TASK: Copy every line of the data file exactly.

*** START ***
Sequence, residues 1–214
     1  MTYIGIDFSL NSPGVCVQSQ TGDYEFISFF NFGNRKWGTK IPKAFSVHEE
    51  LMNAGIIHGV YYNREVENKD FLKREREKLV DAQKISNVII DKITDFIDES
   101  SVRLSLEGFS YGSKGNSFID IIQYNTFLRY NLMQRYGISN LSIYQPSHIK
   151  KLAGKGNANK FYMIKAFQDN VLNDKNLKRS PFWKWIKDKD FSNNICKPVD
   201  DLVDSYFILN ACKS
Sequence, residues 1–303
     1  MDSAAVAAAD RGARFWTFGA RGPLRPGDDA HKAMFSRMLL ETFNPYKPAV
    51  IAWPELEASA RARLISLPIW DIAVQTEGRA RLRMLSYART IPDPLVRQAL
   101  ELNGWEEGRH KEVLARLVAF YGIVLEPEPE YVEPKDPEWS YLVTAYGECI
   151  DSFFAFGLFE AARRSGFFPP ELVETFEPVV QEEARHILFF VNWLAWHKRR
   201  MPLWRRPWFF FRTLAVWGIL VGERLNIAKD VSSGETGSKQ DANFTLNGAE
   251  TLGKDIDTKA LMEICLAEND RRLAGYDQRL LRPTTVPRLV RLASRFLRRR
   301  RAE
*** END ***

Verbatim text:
Sequence, residues 1–214
     1  MTYIGIDFSL NSPGVCVQSQ TGDYEFISFF NFGNRKWGTK IPKAFSVHEE
    51  LMNAGIIHGV YYNREVENKD FLKREREKLV DAQKISNVII DKITDFIDES
   101  SVRLSLEGFS YGSKGNSFID IIQYNTFLRY NLMQRYGISN LSIYQPSHIK
   151  KLAGKGNANK FYMIKAFQDN VLNDKNLKRS PFWKWIKDKD FSNNICKPVD
   201  DLVDSYFILN ACKS
Sequence, residues 1–303
     1  MDSAAVAAAD RGARFWTFGA RGPLRPGDDA HKAMFSRMLL ETFNPYKPAV
    51  IAWPELEASA RARLISLPIW DIAVQTEGRA RLRMLSYART IPDPLVRQAL
   101  ELNGWEEGRH KEVLARLVAF YGIVLEPEPE YVEPKDPEWS YLVTAYGECI
   151  DSFFAFGLFE AARRSGFFPP ELVETFEPVV QEEARHILFF VNWLAWHKRR
   201  MPLWRRPWFF FRTLAVWGIL VGERLNIAKD VSSGETGSKQ DANFTLNGAE
   251  TLGKDIDTKA LMEICLAEND RRLAGYDQRL LRPTTVPRLV RLASRFLRRR
   301  RAE